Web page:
A player like Jake, with his experience, he’s not rattled by that situation, he goes out there, and he knows what his job is.
Giordano and Brodie are just the same. It’s a very similar type of demeanour. They just go out and play. From that end of it, Jake did a great job in Game 1.
Keefe on Jack Campbell:
When he’s at his best, he just looks confident. He makes the easy saves look easy and some of the difficult ones, too.
At times, you felt like you’d given up a real good chance, there’s a clear shot, and he just calmly made the save and froze the puck most of the time. At times, he was out of position because they made a good play, but he finds a way to get to those, too.
Those are the things that he does really well when he’s at his best.
Keefe on whether he expects the building to be as energetic tonight as it was for Game 1:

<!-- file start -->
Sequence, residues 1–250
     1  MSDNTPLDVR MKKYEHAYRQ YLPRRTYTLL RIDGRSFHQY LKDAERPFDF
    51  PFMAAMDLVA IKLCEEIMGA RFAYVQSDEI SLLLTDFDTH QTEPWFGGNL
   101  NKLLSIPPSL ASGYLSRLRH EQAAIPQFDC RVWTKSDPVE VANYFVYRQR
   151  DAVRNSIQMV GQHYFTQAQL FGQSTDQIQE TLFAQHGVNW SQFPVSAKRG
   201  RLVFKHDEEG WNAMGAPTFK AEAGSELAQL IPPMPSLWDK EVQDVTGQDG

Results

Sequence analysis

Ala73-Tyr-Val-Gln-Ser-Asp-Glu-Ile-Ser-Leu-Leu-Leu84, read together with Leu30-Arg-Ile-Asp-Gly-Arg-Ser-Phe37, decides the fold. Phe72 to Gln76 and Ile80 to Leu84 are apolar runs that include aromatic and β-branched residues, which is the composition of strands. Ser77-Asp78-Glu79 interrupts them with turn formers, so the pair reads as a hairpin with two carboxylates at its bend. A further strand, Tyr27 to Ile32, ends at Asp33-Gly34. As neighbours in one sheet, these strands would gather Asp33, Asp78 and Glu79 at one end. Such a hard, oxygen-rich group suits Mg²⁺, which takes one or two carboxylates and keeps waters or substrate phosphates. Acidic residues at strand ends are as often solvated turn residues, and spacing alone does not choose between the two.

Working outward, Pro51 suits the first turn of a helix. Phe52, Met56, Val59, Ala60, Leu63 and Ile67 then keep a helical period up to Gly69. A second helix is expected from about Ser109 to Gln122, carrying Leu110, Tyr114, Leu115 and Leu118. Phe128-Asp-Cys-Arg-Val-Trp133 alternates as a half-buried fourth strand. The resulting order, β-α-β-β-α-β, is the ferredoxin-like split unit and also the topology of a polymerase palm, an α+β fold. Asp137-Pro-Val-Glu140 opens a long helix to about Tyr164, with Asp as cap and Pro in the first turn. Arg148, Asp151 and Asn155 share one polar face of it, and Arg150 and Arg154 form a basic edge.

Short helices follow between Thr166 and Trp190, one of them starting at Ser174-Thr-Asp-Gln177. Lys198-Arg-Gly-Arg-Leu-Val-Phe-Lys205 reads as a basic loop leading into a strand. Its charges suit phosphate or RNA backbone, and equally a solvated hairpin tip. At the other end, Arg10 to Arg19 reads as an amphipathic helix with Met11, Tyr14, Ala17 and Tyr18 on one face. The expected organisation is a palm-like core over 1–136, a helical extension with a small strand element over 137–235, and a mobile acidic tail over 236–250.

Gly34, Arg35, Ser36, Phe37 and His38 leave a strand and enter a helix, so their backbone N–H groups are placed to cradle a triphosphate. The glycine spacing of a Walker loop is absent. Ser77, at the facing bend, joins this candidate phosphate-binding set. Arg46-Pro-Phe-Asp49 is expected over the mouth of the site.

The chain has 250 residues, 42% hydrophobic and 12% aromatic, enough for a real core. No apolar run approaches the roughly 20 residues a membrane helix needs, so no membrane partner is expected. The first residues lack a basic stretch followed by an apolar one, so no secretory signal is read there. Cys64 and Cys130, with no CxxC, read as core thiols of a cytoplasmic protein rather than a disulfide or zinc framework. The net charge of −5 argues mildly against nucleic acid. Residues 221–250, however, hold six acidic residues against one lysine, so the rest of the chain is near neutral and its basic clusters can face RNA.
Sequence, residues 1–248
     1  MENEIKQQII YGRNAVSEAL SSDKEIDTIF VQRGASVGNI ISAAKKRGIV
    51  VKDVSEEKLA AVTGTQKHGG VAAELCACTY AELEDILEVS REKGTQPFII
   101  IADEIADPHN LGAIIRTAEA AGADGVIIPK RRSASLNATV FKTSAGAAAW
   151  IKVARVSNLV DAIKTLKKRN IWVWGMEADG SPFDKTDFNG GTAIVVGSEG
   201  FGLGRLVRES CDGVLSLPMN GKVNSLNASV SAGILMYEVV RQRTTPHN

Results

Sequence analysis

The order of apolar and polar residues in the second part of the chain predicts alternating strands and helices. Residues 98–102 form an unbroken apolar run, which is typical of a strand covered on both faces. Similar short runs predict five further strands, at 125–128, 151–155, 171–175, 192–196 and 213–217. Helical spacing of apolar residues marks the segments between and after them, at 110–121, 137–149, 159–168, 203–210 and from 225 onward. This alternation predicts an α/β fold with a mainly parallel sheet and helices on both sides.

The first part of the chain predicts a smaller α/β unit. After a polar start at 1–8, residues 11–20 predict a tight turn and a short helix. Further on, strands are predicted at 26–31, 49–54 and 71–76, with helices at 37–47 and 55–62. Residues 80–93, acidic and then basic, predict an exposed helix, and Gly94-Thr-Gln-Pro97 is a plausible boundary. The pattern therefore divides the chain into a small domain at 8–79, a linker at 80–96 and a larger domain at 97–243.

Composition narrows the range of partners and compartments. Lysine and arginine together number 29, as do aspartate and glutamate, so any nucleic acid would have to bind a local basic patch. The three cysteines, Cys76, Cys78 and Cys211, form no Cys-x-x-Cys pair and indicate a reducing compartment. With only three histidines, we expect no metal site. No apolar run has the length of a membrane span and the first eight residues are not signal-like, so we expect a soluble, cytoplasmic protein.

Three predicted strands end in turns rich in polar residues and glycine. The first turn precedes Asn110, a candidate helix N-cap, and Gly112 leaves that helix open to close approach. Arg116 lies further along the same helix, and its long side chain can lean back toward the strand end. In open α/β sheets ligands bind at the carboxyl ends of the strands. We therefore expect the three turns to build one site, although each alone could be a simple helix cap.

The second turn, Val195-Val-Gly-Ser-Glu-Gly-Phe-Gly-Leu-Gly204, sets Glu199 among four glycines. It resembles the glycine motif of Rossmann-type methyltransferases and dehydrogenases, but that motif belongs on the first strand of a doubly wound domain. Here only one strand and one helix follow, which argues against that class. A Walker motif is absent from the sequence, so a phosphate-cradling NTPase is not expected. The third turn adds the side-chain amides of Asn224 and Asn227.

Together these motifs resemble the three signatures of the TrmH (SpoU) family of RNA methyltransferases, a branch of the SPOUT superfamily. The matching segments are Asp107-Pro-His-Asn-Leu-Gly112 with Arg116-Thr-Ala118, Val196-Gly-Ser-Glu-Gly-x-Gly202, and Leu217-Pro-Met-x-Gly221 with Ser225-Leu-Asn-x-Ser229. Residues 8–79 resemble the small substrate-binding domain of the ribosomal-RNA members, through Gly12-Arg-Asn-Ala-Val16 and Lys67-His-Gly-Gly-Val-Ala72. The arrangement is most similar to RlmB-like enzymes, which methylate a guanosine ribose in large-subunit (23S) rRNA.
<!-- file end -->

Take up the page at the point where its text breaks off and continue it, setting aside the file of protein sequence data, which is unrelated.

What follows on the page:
I think they’re going to follow it up and do the same today. I don’t how many people will be coming into the building for the second time in the series or how many [will be] new people. Even in the regular season — you look at Auston’s chase for 50 then 60 and the reaction of the crowd — you can see how the crowd is really embracing the team.
No matter who’s in the building tonight, I’m hopeful and expecting it’s going to be more of the same because it made a difference.
You walk out onto the bench and the seats are all full for the anthem. Everybody’s there and ready to go. That’s not always the case here, and it’s not an easy building to get to with a lot happening in the city. You could tell last game that the fans were ready and that really helped our team be ready.
Keefe on whether the Leafs’ PK needs to be careful with their aggression going forward:
I think so. That’s part of it. We’ve made it very clear to our players that our primary goal is to kill the penalty. That has to be at the top of the list every time.
When we have to chance to make a play under a lot of pressure and force a play versus just getting it down the ice, we need to [do the ladder]. If you don’t quite have a full tank and you need to get off the ice, you need [to do that] and not overextend your shift.